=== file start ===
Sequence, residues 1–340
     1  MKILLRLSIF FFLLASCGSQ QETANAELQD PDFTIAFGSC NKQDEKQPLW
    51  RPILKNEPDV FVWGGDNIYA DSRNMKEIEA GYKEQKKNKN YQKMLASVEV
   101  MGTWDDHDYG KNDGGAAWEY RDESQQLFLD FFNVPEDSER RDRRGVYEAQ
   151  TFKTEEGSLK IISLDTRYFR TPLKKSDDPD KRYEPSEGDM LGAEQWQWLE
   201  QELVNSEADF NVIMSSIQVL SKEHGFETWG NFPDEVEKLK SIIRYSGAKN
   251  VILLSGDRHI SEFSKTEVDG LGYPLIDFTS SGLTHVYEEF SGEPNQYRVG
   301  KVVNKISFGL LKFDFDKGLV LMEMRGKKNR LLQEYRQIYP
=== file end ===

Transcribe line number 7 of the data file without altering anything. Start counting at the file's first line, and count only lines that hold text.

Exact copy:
   251  VILLSGDRHI SEFSKTEVDG LGYPLIDFTS SGLTHVYEEF SGEPNQYRVG